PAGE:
However, these positive usages need to be seen as being balanced by complementary negative effects. In the case of information uses, for instance, there may be attempts to gain from them diagnostic information for use by teachers. This is fraught with risk however, as there is strong temptation to try and use subscores from summative assessments at too fine a grain size compared to the actual information content of the items (or, put another way, without due recognition of the uncertainty of the results from using the subscores). Equally, the (quite appropriate) qualification of summative results using such technical concepts as standard error and reliability, may give policy-makers undue confidence that the results of the summative assessments are “the right stuff”—this is sometimes referred to as the white-coat bias (i.e., because technical experts wear white coats in their labs).
And why would it not be the right stuff, you might ask? Well, this is where the other side of signification comes through. One negative signification effect is that the summative assessments may narrow the range of the curriculum that teachers aim for by leaving out standards that are hard to test and hence not on the test—a related negative effect is through imbalances between the predominance of items relating to specific standards, and the weight of those standards in the overall set of standards. A second negative signification effect is that summative assessments may narrow the ways that teachers think about what a standard means (i.e., the items may represent only the easily testable parts of specific standards).
These negative effects of summative tests are compounded in a school managerial setting where the success or otherwise of teachers and/or schools is predicated principally on external summative test results, and which can have a dire effect on teacher and school morale. My colleague, Paul Black, from King’s College, London has devised a visual means of expressing this. He first noted the commonly used CIA–Triangle to symbolize the relationship between curriculum, instruction, and assessment, as in Figure 1.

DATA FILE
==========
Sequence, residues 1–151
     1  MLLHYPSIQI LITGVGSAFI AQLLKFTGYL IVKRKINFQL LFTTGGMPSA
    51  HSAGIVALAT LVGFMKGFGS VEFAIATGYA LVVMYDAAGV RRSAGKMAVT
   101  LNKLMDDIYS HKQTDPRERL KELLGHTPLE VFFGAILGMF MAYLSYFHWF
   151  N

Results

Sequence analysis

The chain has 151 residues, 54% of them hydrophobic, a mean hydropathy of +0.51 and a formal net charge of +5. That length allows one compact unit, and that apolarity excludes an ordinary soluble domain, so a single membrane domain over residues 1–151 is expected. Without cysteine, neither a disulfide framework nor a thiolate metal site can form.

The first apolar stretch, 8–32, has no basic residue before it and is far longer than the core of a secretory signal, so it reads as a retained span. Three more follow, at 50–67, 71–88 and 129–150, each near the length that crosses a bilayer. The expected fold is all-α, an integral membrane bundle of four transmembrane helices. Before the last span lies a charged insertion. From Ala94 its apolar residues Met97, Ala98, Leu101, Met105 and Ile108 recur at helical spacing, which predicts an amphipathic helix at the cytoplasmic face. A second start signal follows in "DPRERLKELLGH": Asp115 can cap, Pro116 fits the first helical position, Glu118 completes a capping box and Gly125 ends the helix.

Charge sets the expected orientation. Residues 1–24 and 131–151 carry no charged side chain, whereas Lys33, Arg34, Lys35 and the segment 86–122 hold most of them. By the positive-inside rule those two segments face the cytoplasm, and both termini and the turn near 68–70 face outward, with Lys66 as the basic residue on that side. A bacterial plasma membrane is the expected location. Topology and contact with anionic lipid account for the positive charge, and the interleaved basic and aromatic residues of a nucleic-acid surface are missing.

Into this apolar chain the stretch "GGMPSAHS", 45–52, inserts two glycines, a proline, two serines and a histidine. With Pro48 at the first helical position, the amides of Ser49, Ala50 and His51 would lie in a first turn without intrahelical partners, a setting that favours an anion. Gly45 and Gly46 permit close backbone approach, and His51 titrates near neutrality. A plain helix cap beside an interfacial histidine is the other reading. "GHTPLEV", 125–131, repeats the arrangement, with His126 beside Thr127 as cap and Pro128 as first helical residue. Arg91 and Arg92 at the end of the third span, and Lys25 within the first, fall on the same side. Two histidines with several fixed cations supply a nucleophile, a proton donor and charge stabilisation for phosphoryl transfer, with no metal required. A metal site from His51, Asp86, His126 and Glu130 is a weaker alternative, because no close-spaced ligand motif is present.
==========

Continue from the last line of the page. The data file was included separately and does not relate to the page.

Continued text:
And he then contrasted it with the situation in Figure 2, which he labeled as a “vicious triangle” (Black, Wilson, & Yao, 2011), where the teachers’ instructional practices are squeezed between the legitimate aims of the curriculum, and the focusing and narrowing effects of external tests subject to the negative effects outlined above.
These negative effects of the signification uses of summative assessments are ones that can be hard to discern from the narrow technical point of view. Nevertheless, as I mention above, at least in my own view, the signification uses tend to be the most important in bringing about changes in the educational system (both positive and negative) and hence need to be attended to very carefully by us, as professionals, scholars, and as players in the policy realm.
I will continue this story, connecting back to classroom assessment, in my next newsletter message.